King of skating Twitter to appear on 'Jeopardy!'

If skating fans have a question, they ask Jackie Wong for the answer. If Alex Trebek has a question, he asks him, too.

By Aviva M. Cantor 

If skating fans have a question, they ask Jackie Wong for the answer. If Alex Trebek has a question, he asks him, too.

Soon, fans can watch Wong step onto a new kind of podium to test his trivia knowledge.

“A couple years ago, I made a bit of an effort to dust off my speed and knowledge before I got onto the online exam that happens once a year,” Wong said. “In 2017, I was selected for my first in-person audition, then didn’t get selected for the show. Last year, I got the in-person audition again and somehow, they picked me.

“I have to say, getting the call to go on ‘Jeopardy!’ ranks up there with getting accepted into college and grad school and getting acceptance calls for my two adult jobs. It was very much a life goal.”

Wong’s ability to provide global, rapid-fire figure skating coverage has earned him more than 31,000 Twitter followers (@rockerskating), and the Wall Street Journal has called him “the most trusted name in figure skating news.”

Wong has become a fixture in the press zone at domestic and international events, and if he isn’t there in person, he’s providing the best coverage he can from afar (at times in an airplane seat). Wong is best known for his media ventures, offering fans “real, level-headed, accurate figure skating analysis” on his Rocker Skating website and cohosting the IceTalk podcast, where he recaps events and interviews prominent figures in the sport.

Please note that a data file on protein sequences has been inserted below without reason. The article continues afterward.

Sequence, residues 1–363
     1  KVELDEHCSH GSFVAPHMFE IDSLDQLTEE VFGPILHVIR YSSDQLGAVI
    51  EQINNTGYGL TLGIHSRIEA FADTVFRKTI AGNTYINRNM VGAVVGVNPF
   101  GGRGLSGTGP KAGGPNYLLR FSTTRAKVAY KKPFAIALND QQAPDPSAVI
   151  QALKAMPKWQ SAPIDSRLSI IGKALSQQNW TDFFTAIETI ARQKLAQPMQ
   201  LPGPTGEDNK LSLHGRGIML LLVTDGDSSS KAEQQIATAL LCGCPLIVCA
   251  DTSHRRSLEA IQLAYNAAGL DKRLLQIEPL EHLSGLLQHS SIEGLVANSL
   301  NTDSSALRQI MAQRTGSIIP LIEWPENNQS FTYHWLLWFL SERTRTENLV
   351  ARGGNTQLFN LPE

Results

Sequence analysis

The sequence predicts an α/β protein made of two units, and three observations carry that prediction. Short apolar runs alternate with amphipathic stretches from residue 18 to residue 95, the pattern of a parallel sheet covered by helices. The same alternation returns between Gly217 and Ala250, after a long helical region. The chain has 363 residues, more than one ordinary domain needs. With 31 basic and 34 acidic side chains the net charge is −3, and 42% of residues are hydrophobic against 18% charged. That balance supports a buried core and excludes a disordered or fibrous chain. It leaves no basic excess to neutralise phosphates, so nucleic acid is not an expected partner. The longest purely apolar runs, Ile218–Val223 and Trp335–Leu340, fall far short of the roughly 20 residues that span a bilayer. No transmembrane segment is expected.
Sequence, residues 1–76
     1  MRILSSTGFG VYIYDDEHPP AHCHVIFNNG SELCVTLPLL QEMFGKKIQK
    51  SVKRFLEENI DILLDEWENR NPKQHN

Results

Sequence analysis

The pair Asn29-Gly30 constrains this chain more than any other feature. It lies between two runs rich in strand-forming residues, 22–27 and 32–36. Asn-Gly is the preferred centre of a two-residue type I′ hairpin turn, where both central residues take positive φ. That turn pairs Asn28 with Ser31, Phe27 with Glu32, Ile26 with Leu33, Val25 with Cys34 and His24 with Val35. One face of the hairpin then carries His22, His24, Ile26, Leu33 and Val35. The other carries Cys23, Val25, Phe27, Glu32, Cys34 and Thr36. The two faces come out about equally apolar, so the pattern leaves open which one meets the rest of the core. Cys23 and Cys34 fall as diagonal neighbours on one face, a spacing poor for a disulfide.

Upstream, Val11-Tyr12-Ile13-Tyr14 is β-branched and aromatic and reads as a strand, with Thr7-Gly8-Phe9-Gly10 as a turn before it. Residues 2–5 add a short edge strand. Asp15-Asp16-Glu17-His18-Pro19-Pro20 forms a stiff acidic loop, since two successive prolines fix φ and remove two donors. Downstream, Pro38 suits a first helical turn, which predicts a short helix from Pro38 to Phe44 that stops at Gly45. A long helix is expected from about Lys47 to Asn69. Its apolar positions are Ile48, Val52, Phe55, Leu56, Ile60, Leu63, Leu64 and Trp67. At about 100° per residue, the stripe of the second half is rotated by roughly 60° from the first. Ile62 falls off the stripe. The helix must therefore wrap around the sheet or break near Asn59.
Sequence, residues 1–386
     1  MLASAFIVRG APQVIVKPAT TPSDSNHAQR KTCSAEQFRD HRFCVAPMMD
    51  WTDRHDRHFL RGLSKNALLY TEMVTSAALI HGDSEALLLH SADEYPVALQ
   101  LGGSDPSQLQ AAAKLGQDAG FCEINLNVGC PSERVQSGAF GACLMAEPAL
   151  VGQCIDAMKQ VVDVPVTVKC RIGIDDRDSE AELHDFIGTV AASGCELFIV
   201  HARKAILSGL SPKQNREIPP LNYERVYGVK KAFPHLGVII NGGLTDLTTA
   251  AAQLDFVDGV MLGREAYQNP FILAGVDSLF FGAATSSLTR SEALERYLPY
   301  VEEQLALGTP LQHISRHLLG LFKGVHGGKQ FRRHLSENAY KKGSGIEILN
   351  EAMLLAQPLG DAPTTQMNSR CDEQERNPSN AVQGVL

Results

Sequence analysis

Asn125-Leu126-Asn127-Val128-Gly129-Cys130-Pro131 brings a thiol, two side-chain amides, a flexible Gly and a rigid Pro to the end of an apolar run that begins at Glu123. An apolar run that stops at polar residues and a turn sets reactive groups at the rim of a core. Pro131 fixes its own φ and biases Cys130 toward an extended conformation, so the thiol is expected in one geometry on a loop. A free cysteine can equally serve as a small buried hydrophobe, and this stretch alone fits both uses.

But by day, he wears a different hat and works as a management consultant for McKinsey and Company. Wong holds a bachelor’s degree from Stanford University and two master’s degrees from the University of Pennsylvania. He isn’t just the king of skating Twitter; he’s the king of all-around multitasking.

“I tested through juvenile before I graduated from college, and then I was just too busy and scatterbrained in grad school to keep going on tests,” Wong said. “It's kind of amazing to me that I was working on intermediate moves in the field in 2004 and now I’m working on intermediate moves in the field again in 2020. Pre-COVID, I was practicing at least once a week if my work and travel schedule allowed it.”

Wong’s entry into skating journalism began with, where he served as a figure skating analyst for six years. This led to the 2015 launch of Rocker Skating, where he offers fans a calendar, event previews, practice notes and recaps, all provided with remarkable speed and accuracy.

“I've come to realize that my value-add is my typing abilities; thank goodness for my three weeks in typewriting class (on a typewriter) back in sixth grade,” Wong said.

True to form, Wong will live tweet the May 19 episode of “Jeopardy!” Fans can tune in on their local affiliate.

On comparing the show to his skating experience, Wong said, “The lead-up to the start of the questions feels like when your name is called on the ice and you get to your starting pose. That's when you're jittery and you have all kinds of thoughts bouncing around your head. Once Alex starts with the first clue, it’s like your program music starts. You get in the zone and are in a completely different mental state. It just flies by, and all of a sudden, you're hearing the music for Final Jeopardy! It is definitely similar in many ways. Knowing how to compete, in skating or in anything else, does help you get into that zone.”